Newswise — In a landmark study, scientists using NASA's Hubble Space Telescope have mapped the immense envelope of gas, called a halo, surrounding the Andromeda galaxy, our nearest large galactic neighbor. Scientists were surprised to find that this tenuous, nearly invisible halo of diffuse plasma extends 1.3 million light-years from the galaxy—about halfway to our Milky Way—and as far as 2 million light-years in some directions. This means that Andromeda's halo is already bumping into the halo of our own galaxy.
They also found that the halo has a layered structure, with two main nested and distinct shells of gas. This is the most comprehensive study of a halo surrounding a galaxy.
"Understanding the huge halos of gas surrounding galaxies is immensely important," explained co-investigator Samantha Berek of Yale University in New Haven, Connecticut. "This reservoir of gas contains fuel for future star formation within the galaxy, as well as outflows from events such as supernovae. It's full of clues regarding the past and future evolution of the galaxy, and we're finally able to study it in great detail in our closest galactic neighbor."
"We find the inner shell that extends to about a half million light-years is far more complex and dynamic," explained study leader Nicolas Lehner of the University of Notre Dame in Indiana. "The outer shell is smoother and hotter. This difference is a likely result from the impact of supernova activity in the galaxy's disk more directly affecting the inner halo."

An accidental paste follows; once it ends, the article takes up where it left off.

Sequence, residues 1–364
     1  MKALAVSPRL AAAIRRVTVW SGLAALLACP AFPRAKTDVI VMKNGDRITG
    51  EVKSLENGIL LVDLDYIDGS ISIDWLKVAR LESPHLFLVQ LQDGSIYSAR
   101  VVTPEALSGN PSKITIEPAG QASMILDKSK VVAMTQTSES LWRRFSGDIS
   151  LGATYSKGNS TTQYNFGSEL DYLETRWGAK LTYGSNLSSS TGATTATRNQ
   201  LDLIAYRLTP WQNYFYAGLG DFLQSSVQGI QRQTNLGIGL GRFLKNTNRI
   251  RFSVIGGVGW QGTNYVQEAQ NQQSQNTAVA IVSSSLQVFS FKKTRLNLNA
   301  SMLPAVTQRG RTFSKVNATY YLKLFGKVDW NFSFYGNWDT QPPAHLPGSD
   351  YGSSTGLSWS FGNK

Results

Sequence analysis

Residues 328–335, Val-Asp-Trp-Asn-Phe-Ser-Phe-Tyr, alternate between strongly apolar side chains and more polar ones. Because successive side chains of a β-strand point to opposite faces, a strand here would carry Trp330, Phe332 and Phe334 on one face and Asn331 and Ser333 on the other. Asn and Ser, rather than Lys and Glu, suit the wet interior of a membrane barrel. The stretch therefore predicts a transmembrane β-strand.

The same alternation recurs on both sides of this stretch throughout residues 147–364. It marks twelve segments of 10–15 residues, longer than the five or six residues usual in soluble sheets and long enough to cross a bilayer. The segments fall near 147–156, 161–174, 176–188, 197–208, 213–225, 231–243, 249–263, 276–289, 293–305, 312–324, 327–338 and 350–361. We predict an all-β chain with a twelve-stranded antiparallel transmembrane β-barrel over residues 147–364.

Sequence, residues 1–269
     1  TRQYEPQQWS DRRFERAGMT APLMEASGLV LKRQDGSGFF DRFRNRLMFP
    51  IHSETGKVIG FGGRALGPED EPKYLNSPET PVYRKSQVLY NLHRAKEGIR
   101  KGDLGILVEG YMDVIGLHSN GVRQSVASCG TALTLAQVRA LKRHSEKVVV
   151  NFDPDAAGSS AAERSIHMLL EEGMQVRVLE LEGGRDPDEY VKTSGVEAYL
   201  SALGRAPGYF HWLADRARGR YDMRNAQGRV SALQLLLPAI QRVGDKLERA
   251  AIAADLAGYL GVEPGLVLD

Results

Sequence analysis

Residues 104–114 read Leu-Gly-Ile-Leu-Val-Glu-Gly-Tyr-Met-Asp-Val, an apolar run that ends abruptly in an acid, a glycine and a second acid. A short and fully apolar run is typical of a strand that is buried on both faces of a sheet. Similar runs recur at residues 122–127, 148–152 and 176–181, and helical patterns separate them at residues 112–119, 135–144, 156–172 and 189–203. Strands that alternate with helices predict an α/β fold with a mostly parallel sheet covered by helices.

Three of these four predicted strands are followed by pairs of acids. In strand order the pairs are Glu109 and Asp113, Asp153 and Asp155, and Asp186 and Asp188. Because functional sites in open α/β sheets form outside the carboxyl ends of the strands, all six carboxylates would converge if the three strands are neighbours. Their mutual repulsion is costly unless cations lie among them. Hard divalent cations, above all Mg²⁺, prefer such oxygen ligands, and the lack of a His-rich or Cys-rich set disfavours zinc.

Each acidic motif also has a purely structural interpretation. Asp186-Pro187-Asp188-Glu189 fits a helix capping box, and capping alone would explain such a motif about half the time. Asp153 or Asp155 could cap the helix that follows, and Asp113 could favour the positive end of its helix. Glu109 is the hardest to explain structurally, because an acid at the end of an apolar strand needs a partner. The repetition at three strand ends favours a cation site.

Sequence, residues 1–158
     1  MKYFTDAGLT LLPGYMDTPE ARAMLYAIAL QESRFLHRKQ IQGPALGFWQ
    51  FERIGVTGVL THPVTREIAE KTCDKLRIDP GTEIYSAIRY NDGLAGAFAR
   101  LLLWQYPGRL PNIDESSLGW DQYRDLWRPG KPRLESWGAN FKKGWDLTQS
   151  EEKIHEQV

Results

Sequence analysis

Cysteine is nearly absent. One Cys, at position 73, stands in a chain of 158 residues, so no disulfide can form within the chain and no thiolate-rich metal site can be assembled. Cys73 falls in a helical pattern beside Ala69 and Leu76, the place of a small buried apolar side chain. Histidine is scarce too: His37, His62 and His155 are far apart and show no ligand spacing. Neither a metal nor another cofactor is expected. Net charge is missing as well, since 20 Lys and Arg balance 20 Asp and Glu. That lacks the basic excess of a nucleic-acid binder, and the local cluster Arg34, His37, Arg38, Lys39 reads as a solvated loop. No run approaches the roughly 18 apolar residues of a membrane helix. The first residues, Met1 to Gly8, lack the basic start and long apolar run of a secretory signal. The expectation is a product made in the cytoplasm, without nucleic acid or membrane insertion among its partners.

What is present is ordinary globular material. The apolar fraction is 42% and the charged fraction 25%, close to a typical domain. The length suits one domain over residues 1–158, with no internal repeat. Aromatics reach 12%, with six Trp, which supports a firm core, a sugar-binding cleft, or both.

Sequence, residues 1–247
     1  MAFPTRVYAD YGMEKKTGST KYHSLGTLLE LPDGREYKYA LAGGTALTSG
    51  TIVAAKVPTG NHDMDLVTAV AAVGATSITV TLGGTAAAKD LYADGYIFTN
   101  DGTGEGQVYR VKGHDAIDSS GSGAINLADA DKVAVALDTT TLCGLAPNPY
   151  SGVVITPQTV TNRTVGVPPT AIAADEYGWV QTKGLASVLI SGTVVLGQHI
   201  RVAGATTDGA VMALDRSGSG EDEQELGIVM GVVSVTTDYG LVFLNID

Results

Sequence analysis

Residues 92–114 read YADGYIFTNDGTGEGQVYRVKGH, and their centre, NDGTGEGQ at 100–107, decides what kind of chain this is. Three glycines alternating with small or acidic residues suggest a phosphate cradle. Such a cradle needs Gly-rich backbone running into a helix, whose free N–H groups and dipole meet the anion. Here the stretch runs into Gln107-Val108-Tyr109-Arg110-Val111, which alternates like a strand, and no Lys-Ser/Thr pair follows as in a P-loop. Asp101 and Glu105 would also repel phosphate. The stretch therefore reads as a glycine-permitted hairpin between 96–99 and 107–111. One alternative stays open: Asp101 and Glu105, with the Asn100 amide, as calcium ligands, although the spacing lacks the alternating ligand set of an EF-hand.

A signature of this activity is the team's discovery of a large amount of heavy elements in the gaseous halo of Andromeda. Heavier elements are cooked up in the interiors of stars and then ejected into space—sometimes violently as a star dies. The halo is then contaminated with this material from stellar explosions.
The Andromeda galaxy, also known as M31, is a majestic spiral of perhaps as many as 1 trillion stars and comparable in size to our Milky Way. At a distance of 2.5 million light-years, it is so close to us that the galaxy appears as a cigar-shaped smudge of light high in the autumn sky. If its gaseous halo could be viewed with the naked eye, it would be about three times the width of the Big Dipper. This would easily be the biggest feature on the nighttime sky.
Through a program called Project AMIGA (Absorption Map of Ionized Gas in Andromeda), the study examined the light from 43 quasars—the very distant, brilliant cores of active galaxies powered by black holes—located far beyond Andromeda. The quasars are scattered behind the halo, allowing scientists to probe multiple regions. Looking through the halo at the quasars' light, the team observed how this light is absorbed by the Andromeda halo and how that absorption changes in different regions. The immense Andromeda halo is made of very rarified and ionized gas that doesn't emit radiation that is easily detectable. Therefore, tracing the absorption of light coming from a background source is a better way to probe this material.